Douglas Arvidson is a past winner of the WICE/Paris Transcontinental International Short Story competition. His short fiction has been published in Paris, Prague, and in literary magazines in the United States and he was recently invited to be a staff writer for the Prague Revue, a cutting-edge, online literary journal ( The novels in his fantasy series, The Eye of the Eye of Stallion, include The Face in Amber, The Mirrors of Castaway Time, and A Drop of Wizard's Blood. His new novel, Brothers of the Fire Star, was selected as a finalist in the ForeWord Reviews 2012 Book of the Year national awards and as a finalist in three categories in the 2013 New Mexico-Arizona Book Awards: Action Adventure Fiction, Historical Fiction, and Young Adult Fiction. It has become part of the pantheon of Pacific literature and is now included in school literature programs. Brothers of the Fire Star is an adventure story set in the Pacific during World War II and concerns two boys of different races and cultures who escape the island of Guam in a small sailboat when the Japanese army invades. They must then struggle to survive as they master the secrets of the ancient Pacific navigators. Appropriate for young adults as well as adult readers, Brothers of the Fire Star is available on Barnes & Noble, ( and Visit the author's website:

Monday, January 28, 2013

We Babysit Dolphins in the Florida Keys: A Paradise Within a Paradise

A kiss is but a kiss: Salty smooches at the Dolphin Research Center

I get lucky sometimes. Once a year or so my brother and his S.O. (who is the medical director of the Dolphin Research Center in the Florida Keys) need a break from their life with dolphins. And when they take a vacation, they need someone trustworthy to come down and stay at the DRC to keep an eye on things after hours--like baby sitting the dolphins so they don't have wild parties, maybe. When I'm asked, being supremely trustworthy, I go. This time, for the first time in three years, my wife, Terry, was able to come with me. Here are some pix from our eight-day stay.

On the balcony in the evening.

It's all done with hand signals and fish for a reward. For me, it's good bourbon and a cigar.

Always nice to see a friendly face.

One if by hand, two if by sea: Training is done with hand signals and fish.

Things get dreamy at sunset.

Saturday, January 12, 2013

Book Review: They Liked it!

This is all I could fit of the actual book review as it appeared in a newspaper in Greenfield, MA.
You can read the full review, below.

I once read an article about book reviews by a writer who said when he got a good one, he danced around the kitchen. I vowed that if I ever got a good review, I would do the same. So, back in December, when this review of my novel Brothers of the Fire Star came out in a newspaper in Massachusetts, I did just that--skittered around the kitchen waving my hands in the air and doing a soft-shoe version of a jig. It felt good. Of course, we are never really satisfied. Had I been the reviewer, I would have raved on about Arvidson's pitch-perfect ear for dialogue and his lyrical prose, not to mention his marvelous gift for description. But, anyway, here is the text of the review:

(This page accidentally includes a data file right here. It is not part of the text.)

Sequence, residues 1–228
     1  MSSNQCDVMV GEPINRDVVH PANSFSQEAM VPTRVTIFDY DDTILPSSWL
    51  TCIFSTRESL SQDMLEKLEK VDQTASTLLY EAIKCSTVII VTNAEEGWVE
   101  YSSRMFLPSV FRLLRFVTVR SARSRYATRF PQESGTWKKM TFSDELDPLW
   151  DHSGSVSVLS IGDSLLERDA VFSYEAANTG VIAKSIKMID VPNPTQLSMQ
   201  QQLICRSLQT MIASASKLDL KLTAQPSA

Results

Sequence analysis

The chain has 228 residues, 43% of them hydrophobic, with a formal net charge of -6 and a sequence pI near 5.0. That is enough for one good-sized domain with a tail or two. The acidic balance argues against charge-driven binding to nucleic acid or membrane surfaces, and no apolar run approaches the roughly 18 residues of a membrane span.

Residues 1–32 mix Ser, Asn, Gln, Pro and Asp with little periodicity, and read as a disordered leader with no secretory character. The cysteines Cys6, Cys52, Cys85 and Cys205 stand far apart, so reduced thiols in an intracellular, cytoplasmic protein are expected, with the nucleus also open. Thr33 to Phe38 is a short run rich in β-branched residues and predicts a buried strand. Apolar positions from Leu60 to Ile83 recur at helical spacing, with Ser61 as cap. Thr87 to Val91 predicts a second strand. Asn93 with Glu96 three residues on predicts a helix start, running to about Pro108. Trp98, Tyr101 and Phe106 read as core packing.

Book review: ‘Brothers of the Fire Star’

By Tinky Weisblat
Friday, December 14, 2012
(Published in print: Saturday, December 15
Special to The Recorder
“Brothers of the Fire Star” by Douglas Arvidson (Crossquarter Publishing Group, 209 pages, $15.95)

“Brothers of the Fire Star” combines history, spirituality and specialized knowledge to move its reader with a plea for cross-racial unity and love of nature. The book will appeal to children from middle school up as well as to adults.

Author Douglas Arvidson grew up in Ashfield and now lives in coastal Virginia. In 1997, he and his wife, both teachers, found work in a school on the island of Guahan (Guam), an American territory in the western Pacific Ocean. 

Long-time sailors, they lived on a sailboat during their 11 years there. Arvidson soon became a member of an organization dedicated to resurrecting the centuries-old Pacific-Island method of navigation. Practitioners of this art are trained to study the stars, the sea swells and wildlife in order to make their way through the sea.

Arvidson puts his knowledge of navigation and nature to good use in “Brothers of the Fire Star.” The book begins in December 1941, just after the bombing of Pearl Harbor, when the Japanese invade Guahan.
Joseph, a 12-year-old boy from Massachusetts who has been living on the island with his uncle, hides in the woods during the attack and thus avoids the slaughter that claims his uncle and many of the island’s inhabitants.

While taking shelter in a tree, Joseph is visited by spirits who tell him that he is destined to sail away from Guahan with a boy named Napu. Together they will learn “the ways of the ancient navigators” and eventually return to Guahan to bring back those ways, now forgotten.

Napu, who is just about to escape from the war-torn island by boat, reluctantly takes the American boy along on his voyage. Together they learn to sail, learn about war and learn how to get along despite the differences in their backgrounds.

Arvidson’s prose in the book is matter of fact, letting the story shine through relatively simple words. His young heroes grow up before the reader’s eyes. 

The boys are shocked by the devastation of battle they encounter. Nevertheless, their growing bond and their study of navigation teach them that friendship and communion with nature can transcend war and death.
“Brothers of the Fire Star” isn’t always a happy book. It is set in an unhappy time and place. Nevertheless, its story is touching. And its plea for interracial cooperation and respect for tradition is beautifully articulated and inspiring.

“Brothers of the Fire Star” is available at the World Eye Bookshop.

Tinky Weisblat is a writer and singer who lives in Hawley. Her Web site is; her blog is